In advance of the vote on repeal in November, the campaign against the emergency manager law is curbing the managers' power for at least a few months. As provided under Michigan law, the statute in question was suspended temporarily upon the repeal measure's certification for the ballot in early August.
Until November, Michigan is operating under a previous law, which grants state-appointed local managers less sweeping powers and requires them to work more closely with elected officials. Managers still have the power of the purse strings — elected officials cannot appropriate money without their approval — but the managers cannot change union contracts or privatize assets.
In the brief period before the repeal vote, city officials in Pontiac, Flint and Benton Harbor have begun making emergency managers' lives difficult by wresting back as much authority as they can. In Benton Harbor, Emergency Financial Manager Joseph Harris was surprised when local elected officials passed a series of 20 resolutions removing and replacing various appointees to boards and commissions immediately after the law's suspension. "The whole idea was to dismantle the organization that I had assembled," Harris says. Eventually, Harris was able to void the moves.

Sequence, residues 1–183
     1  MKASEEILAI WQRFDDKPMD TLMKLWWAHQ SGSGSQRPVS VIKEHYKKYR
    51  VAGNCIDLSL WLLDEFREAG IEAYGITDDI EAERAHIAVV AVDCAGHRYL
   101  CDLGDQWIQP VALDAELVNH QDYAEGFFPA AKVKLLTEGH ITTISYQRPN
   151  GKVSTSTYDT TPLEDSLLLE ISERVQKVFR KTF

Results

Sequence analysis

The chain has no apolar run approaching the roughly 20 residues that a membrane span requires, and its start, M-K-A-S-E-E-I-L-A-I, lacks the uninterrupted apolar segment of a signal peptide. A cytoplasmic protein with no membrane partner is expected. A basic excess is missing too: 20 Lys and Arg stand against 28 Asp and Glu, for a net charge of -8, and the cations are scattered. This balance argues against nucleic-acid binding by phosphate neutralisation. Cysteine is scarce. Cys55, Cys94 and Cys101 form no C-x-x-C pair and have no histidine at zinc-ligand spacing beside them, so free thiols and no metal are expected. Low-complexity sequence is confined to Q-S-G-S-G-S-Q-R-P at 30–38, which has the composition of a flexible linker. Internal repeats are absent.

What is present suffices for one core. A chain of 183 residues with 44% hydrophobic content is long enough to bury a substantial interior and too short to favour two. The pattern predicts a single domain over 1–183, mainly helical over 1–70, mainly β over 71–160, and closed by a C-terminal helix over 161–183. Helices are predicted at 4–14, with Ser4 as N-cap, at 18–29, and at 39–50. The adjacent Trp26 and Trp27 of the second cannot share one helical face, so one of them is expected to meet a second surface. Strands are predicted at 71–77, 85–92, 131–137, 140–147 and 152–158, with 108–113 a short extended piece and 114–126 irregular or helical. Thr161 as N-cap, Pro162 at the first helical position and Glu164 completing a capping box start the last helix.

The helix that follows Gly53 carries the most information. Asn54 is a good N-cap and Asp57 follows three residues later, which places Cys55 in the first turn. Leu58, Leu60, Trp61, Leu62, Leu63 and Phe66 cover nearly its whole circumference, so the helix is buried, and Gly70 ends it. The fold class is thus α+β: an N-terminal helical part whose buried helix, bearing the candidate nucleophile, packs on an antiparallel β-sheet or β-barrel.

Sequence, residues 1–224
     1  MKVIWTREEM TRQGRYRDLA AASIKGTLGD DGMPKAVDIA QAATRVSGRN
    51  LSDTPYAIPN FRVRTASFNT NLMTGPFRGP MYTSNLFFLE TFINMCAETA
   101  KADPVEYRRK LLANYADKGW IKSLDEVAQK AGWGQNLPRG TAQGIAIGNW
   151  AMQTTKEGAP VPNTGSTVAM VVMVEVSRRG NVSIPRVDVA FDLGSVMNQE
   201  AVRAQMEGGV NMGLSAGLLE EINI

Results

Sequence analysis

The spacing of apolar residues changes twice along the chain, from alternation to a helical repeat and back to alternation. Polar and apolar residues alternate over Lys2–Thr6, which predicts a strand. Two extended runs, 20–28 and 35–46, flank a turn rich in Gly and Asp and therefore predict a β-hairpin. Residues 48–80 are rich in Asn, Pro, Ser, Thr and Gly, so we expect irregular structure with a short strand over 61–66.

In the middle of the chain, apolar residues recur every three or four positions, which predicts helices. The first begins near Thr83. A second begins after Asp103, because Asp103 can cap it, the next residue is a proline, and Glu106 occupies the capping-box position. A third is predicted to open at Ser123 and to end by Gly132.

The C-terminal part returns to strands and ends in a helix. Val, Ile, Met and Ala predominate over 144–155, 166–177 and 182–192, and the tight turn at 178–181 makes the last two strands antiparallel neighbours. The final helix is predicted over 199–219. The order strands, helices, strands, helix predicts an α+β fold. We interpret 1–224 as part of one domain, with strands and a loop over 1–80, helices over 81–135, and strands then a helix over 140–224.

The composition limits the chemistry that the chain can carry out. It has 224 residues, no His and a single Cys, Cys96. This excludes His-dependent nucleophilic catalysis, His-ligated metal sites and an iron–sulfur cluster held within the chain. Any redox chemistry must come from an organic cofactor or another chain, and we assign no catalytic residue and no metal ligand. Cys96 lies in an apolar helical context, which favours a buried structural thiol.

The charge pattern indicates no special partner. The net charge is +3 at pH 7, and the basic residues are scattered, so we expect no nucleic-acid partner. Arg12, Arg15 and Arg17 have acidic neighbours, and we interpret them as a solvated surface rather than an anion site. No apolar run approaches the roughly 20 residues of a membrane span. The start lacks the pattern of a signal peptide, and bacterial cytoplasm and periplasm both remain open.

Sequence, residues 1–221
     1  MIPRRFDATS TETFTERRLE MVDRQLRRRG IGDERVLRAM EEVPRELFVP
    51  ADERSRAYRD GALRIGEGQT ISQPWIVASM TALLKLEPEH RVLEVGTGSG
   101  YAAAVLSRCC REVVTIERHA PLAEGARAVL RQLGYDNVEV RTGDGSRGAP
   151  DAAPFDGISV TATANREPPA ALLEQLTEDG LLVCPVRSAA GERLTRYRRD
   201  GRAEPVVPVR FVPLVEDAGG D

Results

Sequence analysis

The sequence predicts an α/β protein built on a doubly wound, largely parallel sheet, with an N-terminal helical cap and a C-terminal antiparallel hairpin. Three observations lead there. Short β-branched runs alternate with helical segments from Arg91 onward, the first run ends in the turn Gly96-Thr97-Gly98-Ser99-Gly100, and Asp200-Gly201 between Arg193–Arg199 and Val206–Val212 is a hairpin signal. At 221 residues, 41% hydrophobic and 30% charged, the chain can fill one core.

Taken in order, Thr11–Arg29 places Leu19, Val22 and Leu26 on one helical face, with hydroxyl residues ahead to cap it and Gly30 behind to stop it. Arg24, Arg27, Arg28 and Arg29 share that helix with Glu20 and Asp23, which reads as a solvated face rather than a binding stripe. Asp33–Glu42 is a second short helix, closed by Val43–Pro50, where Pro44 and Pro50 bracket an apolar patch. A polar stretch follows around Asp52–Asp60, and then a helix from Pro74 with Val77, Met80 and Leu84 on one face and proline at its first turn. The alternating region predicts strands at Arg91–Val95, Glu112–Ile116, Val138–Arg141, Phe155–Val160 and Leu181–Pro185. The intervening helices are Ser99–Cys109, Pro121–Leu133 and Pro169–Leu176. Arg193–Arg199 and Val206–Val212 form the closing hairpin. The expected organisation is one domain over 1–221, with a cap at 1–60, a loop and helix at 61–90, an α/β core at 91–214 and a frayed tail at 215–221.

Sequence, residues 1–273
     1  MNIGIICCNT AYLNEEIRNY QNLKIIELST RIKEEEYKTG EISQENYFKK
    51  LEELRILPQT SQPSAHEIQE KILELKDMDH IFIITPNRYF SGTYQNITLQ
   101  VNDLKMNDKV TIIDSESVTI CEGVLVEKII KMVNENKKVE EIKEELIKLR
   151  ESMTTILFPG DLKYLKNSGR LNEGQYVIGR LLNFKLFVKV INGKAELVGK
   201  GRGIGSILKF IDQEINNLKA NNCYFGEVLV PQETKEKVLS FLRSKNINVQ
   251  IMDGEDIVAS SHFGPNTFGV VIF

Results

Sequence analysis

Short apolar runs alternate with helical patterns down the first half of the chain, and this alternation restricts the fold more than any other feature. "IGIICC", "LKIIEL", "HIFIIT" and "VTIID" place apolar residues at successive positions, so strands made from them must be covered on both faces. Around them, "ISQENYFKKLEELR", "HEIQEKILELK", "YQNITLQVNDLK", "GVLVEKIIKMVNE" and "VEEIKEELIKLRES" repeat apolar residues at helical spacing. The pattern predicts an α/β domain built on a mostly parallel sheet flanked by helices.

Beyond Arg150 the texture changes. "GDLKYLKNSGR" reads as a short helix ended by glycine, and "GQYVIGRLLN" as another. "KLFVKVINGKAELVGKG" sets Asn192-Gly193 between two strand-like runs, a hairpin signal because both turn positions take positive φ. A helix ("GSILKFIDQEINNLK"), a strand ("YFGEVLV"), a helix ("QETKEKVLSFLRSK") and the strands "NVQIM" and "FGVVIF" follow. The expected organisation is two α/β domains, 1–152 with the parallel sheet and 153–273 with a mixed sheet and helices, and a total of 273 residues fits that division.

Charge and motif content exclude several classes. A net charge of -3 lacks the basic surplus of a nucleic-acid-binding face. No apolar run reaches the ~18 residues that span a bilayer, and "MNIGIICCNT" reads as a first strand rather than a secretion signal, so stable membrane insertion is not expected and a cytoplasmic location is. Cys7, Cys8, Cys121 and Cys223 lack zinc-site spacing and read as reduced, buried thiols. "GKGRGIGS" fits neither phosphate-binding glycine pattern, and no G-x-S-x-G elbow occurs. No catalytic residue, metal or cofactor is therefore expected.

Harris can point to some tangible accomplishments in Benton Harbor. The small city of 10,000 spent an average of $1.5 million more than it took in during the decade before Harris became state-appointed manager. The previous finance director had no accounting experience and the city was spending $80,000 to $100,000 each year on bank overdraft charges.
Benton Harbor's budget still isn't perfectly balanced, but it's far closer, the result of significant layoffs and reductions in benefits for the remaining workforce. Those savings never would have been possible without the 2011 law, Harris insists.
Former State Treasurer Robert Kleine, who oversaw the state's program under the milder version of the law from 2006 to 2010, believes many of the changes included in the 2011 revision were necessary in order for the state to provide effective oversight.
Still, Kleine believes that some of the changes went a little too far. “I think there should be some ability to modify contracts, but I don't think we should eliminate collective bargaining, certainly not for five years,” he says. The power the law gives emergency managers over local pension funds also makes him nervous. “There is too much chance for mischief in that sort of situation,” he says. “People's livelihoods depend on [those pensions].”